When Fic­tion Be­comes Re­al­ity

Your rac­ing dream can come true, even when you for­get it ex­isted in the first place

Canadian Running - - MICHAL KAPRAL - When Michal Kapral got tired of win­ning reg­u­lar old marathons, he started jug­gling while run­ning them. michal kapral

This run­ning story be­gins on the toi­let. I’m so ner­vous about the marathon that I can barely hold onto the mag­a­zine. Af­ter a long while in the wash­room, I change into my race kit, shiny red shorts and sin­glet. My mom drives me to the start line of the Toronto Marathon, on Bloor Street.

I get caught up in a mass of run­ners at the start, many in a rush to pin on their bibs at the last minute. My mom gives me a shoul­der mas­sage as she ac­com­pa­nies me to the start line. I close my eyes and vi­su­al­ize the race un­fold­ing, and when I open them again, I’m the only run­ner stand­ing on the start line. I can’t hear the start­ing gun be­cause of the crowd noise. Freak­ing out, I take off into a sprint un­til I catch up to other run­ners, and then set­tle into a more sen­si­ble pace.

The kilo­me­tres tick away. At around 30k, I start to feel dizzy. I have a cramp, I’ve twisted my an­kle and my legs feel wob­bly. Amaz­ingly I’m still pass­ing hun­dreds of other run­ners. With about 2k to go, I chug a cup of wa­ter and de­vour a banana of­fered from a spec­ta­tor. Look­ing ahead, I can’t see any other run­ners. They must be far ahead.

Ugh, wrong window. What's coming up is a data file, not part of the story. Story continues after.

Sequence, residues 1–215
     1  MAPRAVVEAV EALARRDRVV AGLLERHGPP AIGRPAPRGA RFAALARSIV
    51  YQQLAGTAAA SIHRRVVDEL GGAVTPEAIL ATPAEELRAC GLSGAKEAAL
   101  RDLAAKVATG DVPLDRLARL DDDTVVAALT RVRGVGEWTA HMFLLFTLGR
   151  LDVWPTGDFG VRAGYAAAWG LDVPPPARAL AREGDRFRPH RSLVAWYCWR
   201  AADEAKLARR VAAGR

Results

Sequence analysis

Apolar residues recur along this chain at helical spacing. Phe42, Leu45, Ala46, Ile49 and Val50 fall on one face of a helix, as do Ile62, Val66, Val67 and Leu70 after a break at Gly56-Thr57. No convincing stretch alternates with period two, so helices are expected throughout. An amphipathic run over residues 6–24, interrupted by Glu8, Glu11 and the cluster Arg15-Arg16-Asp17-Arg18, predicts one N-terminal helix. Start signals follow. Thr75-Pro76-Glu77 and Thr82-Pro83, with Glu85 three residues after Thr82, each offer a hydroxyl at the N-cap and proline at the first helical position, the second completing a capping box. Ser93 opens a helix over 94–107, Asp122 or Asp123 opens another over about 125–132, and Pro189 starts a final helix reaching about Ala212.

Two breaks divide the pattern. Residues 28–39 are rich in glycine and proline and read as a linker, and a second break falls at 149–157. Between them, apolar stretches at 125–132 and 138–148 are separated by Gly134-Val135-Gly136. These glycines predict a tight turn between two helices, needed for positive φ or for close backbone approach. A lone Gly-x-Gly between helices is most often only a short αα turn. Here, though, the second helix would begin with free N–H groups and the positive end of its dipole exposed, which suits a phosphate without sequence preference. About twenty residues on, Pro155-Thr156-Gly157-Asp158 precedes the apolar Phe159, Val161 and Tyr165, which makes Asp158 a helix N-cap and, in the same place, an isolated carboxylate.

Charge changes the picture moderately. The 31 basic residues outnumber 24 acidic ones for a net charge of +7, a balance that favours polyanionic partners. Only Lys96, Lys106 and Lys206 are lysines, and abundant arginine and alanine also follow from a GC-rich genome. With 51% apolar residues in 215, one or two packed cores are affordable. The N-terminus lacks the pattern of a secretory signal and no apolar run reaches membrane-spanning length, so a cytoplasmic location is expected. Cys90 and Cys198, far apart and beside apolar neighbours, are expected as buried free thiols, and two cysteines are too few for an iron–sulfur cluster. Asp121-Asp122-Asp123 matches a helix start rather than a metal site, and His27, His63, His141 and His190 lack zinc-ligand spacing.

The crowd cheers as I cross the fin­ish. I feel some­thing along my stom­ach and re­al­ize that it’s the first-place fin­isher’s tape. I won the Toronto Marathon! I lift up my arms in tri­umph and shout, “I did it! I did it!” That was a story I wrote i n Grade 7. I don’t re­mem­ber writ­ing it, but my mom re­cently dug it out of the at­tic while clean­ing out some pa­pers. When she sent me a copy of it, I couldn’t be­lieve it. Seven­teen years af­ter I wrote this work of fic­tion, this story hap­pened for real, in 2002.

I sit on the toi­let, ner­vous about the race, but I’m not in there for long. I slip on my black shorts and white sin­glet. My wife Dianne drives me to the start line in North York, north of down­town Toronto. She doesn’t rub my shoul­ders but tells me to kick some butt. I line up at the front of the line, know­ing I’m in good shape to run a fast time. I close my eyes and vi­su­al­ize the course. The start­ing horn blasts loudly and I take off, set­tling im­me­di­ately into my pace.

Right off the gun, I’m in first place. Ev­ery­thing goes quiet as the noise of the other run­ners fades be­hind me. I hit the half­marathon mark in 1:13 and I’m feel­ing great. At about 25k, I run past my dad, who yells, “Michal, you’re in first place!” I point at the po­lice cruiser ahead of me, and say, “I know, Dad.”

I start to slow down slightly but am still on 2:28-marathon pace with 5k to go. The last 2k are slightly up­hill and into a head­wind. I’m feel­ing dizzy but push on, f ight­ing ev­ery step. Around Queen’s Park Cir­cle, the crowds are thick and cheer­ing loudly. My eyes are blurred from the pain, but I can clearly see the big red fin­isher’s tape up ahead and a clock that reads 2:30. I feel like I’m in a dream, like I’ve thought about this mo­ment for a long time. As I cross the line, I raise my arms up in tri­umph. I did it! I did it!

My teacher gave me a 23 out of 25 on the story. I think I de­serve a cou­ple of bonus points for mak­ing it come true.

“Look­ing ahead, I can’t see any other run­ners. They must be far ahead.”

BE­LOW Michal Kapral won the Toronto Marathon in 2002, just as he imag­ined years ear­lier, in Grade 7

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